Basking in light during your waking hours can be a boon to better health. It may boost your mood, concentration and energy by helping your brain release the feel-good hormone, serotonin.

But any kind of light during sleep may have the opposite effect. A new Northwestern University study has found that older adults who are exposed to even a small amount of light while catching their nighttime zzz’s were more likely to be obese, have developed high blood and diabetes, compared to people who had the pleasure of sleeping in total darkness.

This conclusion comes after 552 seniors (both men and women) ages 63 to 84 were tracked over a period of seven days. One of the striking findings was that fewer than half the study’s participants consistently had a five-hour period of complete darkness each day.

The rest of the participants were still exposed to some light during their darkest 5-hour period of the day — usually in the middle of the night.

Fewer than half the study’s participants consistently had a five-hour period of complete darkness each day.

It’s really not that surprising that light reaches into our bedrooms. “Whether it be from one’s smartphone, leaving a TV on overnight or light pollution in a big city, we live among an abundant number of artificial sources of light that are available 24 hours of a day,” one of the researchers, Minjee Kim, an assistant professor of neurology at Northwestern University’s Feinberg School of Medicine and a Northwestern Medicine physician, said in a statement.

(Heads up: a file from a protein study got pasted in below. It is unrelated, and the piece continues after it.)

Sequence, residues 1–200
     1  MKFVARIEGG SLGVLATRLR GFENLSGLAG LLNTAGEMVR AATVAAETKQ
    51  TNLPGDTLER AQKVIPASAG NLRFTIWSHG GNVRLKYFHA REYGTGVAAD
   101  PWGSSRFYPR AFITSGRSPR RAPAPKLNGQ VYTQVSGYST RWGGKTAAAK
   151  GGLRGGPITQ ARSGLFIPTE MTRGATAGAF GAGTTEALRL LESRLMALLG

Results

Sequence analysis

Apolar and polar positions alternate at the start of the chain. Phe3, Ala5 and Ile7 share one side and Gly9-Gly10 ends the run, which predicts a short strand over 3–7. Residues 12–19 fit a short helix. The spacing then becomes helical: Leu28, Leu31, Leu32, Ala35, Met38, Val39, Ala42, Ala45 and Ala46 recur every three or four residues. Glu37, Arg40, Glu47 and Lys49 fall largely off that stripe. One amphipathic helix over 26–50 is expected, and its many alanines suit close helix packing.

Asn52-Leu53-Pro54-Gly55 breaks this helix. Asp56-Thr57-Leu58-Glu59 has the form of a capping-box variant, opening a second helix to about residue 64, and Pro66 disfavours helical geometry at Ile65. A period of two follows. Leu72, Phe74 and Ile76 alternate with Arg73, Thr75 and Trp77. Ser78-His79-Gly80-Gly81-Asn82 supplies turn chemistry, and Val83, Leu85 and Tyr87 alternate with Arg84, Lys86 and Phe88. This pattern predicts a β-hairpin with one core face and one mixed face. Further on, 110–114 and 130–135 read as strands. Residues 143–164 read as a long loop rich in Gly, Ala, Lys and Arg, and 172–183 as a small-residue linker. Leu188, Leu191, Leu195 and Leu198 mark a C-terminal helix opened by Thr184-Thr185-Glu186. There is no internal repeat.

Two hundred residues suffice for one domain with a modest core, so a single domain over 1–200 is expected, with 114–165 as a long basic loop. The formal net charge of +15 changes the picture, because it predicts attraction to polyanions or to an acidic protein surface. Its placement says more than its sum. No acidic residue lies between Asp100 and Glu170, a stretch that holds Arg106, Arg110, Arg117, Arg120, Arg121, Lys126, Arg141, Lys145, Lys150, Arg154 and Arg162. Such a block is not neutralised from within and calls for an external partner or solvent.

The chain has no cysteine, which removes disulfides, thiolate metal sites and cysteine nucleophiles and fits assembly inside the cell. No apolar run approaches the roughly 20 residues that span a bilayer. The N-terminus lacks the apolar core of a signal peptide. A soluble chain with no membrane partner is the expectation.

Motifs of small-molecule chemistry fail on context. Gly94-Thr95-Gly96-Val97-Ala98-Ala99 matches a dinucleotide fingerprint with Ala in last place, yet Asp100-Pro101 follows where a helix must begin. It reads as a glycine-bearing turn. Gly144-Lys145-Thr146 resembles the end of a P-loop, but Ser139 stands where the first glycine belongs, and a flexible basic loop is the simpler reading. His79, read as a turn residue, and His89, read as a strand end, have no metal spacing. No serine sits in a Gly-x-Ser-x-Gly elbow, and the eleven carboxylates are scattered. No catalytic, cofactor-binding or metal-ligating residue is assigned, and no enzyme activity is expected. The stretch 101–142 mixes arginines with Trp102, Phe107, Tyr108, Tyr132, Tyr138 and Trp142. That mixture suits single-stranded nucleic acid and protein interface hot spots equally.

Sleeping in the dark is both more important and more difficult for seniors. “Older adults already are at higher risk for diabetes and cardiovascular disease, so we wanted to see if there was a difference in frequencies of these diseases related to light exposure at night,” Kim added.

Although the study clearly showed that a lot of folks are exposed to light during sleep, the study’s investigators admit the research team wasn’t able to determine whether the obesity, diabetes and hypertension caused people to sleep with a light on, or whether the light contributed to the development of these poor health conditions. For example, folks with these issues are more likely to use the bathroom — and turn on a light — in the middle of the night or they may keep a night light on if they are afraid of falling.

The study’s authors are now thinking about conducting an intervention study to see whether restoring the natural light-dark cycle can help improve health. In the meantime, the study’s co-senior author, Phyllis Zee, chief of sleep medicine at Feinberg and a Northwestern Medicine physician, offered the following suggestions to help us reduce night time light:

  • Avoid turning on a light. If you need to have a light on (which older adults might want for safety), make it a dim light that is closer to the floor.
  • Color is important. Amber or a red/orange light is less stimulating for the brain.
  • Don’t use white or blue light and keep it far away from the sleeping person.
  • Black out shades or eye masks are good if you can’t control outdoor light.
  • Move your bed so the outdoor light isn’t shining on your face.

The study is published in Sleep.